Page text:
An FHA loan is insured by the Federal Housing Administration, a federal agency within the U.S. Department of Housing and Urban Development (HUD). The FHA does not loan money to borrowers, rather, it provides lenders protection through mortgage insurance (MIP) in case the borrower defaults on his or her loan obligations. Available to all buyers, FHA loan programs are designed to help creditworthy low-income and moderate-income families who do not meet requirements for conventional loans.
FHA loan programs are particularly beneficial to those buyers with less available cash. The rates on FHA loans are generally market rates, while down payment requirements are lower than for conventional loans.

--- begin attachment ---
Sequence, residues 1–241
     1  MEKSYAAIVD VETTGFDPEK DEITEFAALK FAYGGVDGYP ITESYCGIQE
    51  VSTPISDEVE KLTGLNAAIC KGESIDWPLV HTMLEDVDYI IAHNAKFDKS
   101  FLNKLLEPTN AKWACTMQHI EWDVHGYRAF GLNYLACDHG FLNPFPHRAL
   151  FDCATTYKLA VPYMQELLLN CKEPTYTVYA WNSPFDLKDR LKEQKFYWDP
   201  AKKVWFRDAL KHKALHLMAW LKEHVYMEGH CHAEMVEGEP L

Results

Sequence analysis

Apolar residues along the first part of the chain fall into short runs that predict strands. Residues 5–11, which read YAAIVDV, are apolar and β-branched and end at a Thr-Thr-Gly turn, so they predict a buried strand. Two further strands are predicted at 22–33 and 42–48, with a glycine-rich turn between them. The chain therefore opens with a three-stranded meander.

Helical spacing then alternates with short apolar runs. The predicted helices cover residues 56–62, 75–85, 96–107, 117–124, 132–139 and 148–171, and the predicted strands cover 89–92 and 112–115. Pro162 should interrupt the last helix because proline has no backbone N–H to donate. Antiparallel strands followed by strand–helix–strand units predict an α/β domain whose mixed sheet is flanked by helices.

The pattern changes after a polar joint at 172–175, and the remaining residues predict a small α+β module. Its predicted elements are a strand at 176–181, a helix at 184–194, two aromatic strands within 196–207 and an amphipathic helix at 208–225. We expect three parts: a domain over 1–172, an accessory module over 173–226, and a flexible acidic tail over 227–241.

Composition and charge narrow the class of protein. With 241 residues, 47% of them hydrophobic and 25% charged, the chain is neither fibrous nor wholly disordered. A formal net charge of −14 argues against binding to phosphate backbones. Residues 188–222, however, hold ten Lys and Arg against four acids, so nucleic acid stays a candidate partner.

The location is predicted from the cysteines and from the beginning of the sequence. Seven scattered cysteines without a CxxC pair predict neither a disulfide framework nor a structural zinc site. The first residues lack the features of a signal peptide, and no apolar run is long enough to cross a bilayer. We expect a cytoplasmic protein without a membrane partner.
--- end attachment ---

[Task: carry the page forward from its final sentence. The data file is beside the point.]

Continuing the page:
Some of the other benefits of FHA financing:
- Only a 3.5 percent down payment is required.
- Closing costs can be financed.
- Lower monthly mortgage insurance premiums and, under certain conditions, automatic cancellation of the premium.
- More flexible underwriting criteria than conventional loans
- FHA limits the amount lenders can charge for some closing cost fees (e.g. the origination fee can be no more than 1% of mortgage).
- Loans are assumable to qualified buyers.